The Remarkable Life of Aaron Kendall
Monday, April 19, 2010 at 07:29PM
Peggy Kendall

A number of my friends have asked for a copy of the eulogy I wrote for my son's funeral this afternoon. I decided to post a copy of it on my blog, even though it has little to do with technology.  I also wanted to thank all the people who have shown my family and I such love and support over the past week.  God's family is absolutely remarkable.

Aaron Kendall

Aaron’s journey began on a snowy evening in February. To no one’s surprise, his mom spent the afternoon trying to find a substitute teacher in between contractions, while his dad spent time phoning friends and relatives.  Everyone knew that Aaron was special from the minute he was born.  With a heart rate of over 300 beats per minute, the nurses’ quickened pace seemed to subtly contradict their smiling faces and reassuring words. Within an hour, Aaron was transported down to Children’s Hospital with a diagnosis of Wolf-Parkinson White Syndrome, a common heart problem that periodically speeds up the heart.  “No problem” said the doctors, “lot’s of kids live normal lives with WPW.” And within a week, Aaron was home with his family, living the life of a beautiful newborn.
    That first month was special as Aaron’s red hair grew long and curly and he learned how to use that beautiful smile. He was healthy, active and growing strong. Then, in an instant, everything changed. That snowy night, Aaron’s mom and dad said their prayers and tucked Aaron into bed.  Little did they know, his heart had begun to race.  When his mom went in to check on him a little later, she found a gray and lifeless child.  CPR was given, the ambulance came, the men worked on him, and they took little Aaron away.  From that night on, Aaron’s life course changed from what his mom and dad had charted for him. They began on a journey together—just like an adventurous sailing voyage, no one knew exactly how to sail, how to drop anchor, or where they were going.  But the thing was—they were in it together and they would never be alone.
    Aaron came home from the pediatric intensive care unit 3 months later accompanied by nurses, tubes, medicines, social workers, and a list of things to do to keep him alive. Within the chaos and storm of those first few months, God began to demonstrate how he would care for Aaron (and his family).  One after another, He sent very special people into Aaron’s life. Whether it was the Mary Poppins nurse who sang songs to Aaron from morning to night, the New Age PCA who would massage Aaron’s forehead with essential oils whenever he looked concerned, the Happy bus driver ladies who greeted him each morning with music and smiles, the Dedicated teachers who believed in his ability to do more than just sit in his chair, or the Faithful friends from church who would make animal noises and talk to him every week, God surrounded Aaron with people.  These people helped raise him, love him and, many times without realizing it, helped care for his family as well.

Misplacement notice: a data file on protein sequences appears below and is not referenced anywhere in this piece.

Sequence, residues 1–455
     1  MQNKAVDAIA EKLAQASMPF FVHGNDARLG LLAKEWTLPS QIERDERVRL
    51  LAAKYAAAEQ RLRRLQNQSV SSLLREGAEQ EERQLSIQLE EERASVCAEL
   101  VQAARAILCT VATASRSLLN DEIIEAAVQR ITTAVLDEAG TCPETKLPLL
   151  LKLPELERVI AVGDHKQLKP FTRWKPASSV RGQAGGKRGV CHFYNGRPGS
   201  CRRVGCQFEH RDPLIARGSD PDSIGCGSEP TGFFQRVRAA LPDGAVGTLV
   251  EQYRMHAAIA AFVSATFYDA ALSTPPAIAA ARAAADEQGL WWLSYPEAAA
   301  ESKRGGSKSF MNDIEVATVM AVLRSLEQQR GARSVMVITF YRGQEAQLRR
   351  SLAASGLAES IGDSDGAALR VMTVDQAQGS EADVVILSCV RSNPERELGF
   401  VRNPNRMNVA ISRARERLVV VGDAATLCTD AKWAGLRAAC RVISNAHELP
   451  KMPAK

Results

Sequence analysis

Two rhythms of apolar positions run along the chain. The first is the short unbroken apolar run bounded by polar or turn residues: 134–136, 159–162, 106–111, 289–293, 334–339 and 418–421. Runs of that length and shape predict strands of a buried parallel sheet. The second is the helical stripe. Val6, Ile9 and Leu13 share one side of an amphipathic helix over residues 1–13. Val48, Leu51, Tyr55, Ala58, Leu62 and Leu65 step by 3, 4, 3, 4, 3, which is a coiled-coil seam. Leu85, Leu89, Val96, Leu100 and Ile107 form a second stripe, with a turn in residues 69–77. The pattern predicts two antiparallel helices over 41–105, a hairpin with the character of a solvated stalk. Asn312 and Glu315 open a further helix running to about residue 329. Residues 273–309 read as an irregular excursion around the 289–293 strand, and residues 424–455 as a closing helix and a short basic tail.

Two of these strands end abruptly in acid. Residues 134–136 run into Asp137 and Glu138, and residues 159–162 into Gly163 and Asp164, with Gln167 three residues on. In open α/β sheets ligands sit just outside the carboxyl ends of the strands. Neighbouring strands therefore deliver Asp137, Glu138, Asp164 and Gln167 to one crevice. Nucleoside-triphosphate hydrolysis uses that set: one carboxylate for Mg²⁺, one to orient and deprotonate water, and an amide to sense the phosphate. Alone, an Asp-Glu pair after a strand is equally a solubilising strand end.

Aaron’s journey took a new course when he moved into the group home in Roseville two years ago.  It was a miracle he found a place like B2. Really.  A miracle. Paid for by the State of Minnesota (his family says thank you) and only 10 minutes away from anxious and guilt-ridden parents, Aaron was immediately surrounded by new friends, stuffed animals, and very special people who did more than care for him.  They opened themselves up and cared about him. It wasn’t long before his family saw new enthusiasm in Aaron’s eyes.  His smile was wide as he went on excursions to parks, parties, and 3D movies. He had found a very special place to call home.
    The last two months were a difficult part of Aaron’s journey. It was during this latest storm that Aaron and his family felt the deep devotion from his ACR family. Whether it was hospital visits where staff would read books and sing along with sing-along tapes or training sessions where staff learned how to do new and sometimes uncomfortable procedures, Aaron and his family never felt so supported and lifted up as they did when they saw another ACR staff go out of their way to make things better. 
    Aaron experienced lots of transitions and uncertainty over the past month, but through it all he showed resiliency and charm. Not surprisingly, it wasn’t long before his new caregivers in Red Wing were making animal noises, reading books, and humming as they left his room.  That’s the thing with Aaron.  He had a smile for every occasion and reminded everyone who stopped to listen that there was joy to be found in each and every little thing.
    And that’s where Aaron’s journey came to an end.  It concluded as unexpectedly and dramatically as it began. When we look back over his remarkable voyage we can see that we were never in this alone. It took a community to raise Aaron.  His life was filled with love and people who saw the remarkable child who thrived within his imperfect body. And the thing is, Aaron seemed to understand God’s way of doing things a little more clearly than the rest of us.  Whether it was his bright smile or infectious laugh, Aaron saw the beauty in things.  He took us on an adventure that brought us to an extraordinary place. We are far stronger and far more understanding of God’s deep love and God’s mighty power than we would have been if this journey would have taken another course.  Who would have expected that this smiley faced, red-haired, freckled-face boy could have accomplished so much in just 20 years.
 


 

Article originally appeared on Technology and Faith (http://peggykendall.com/).
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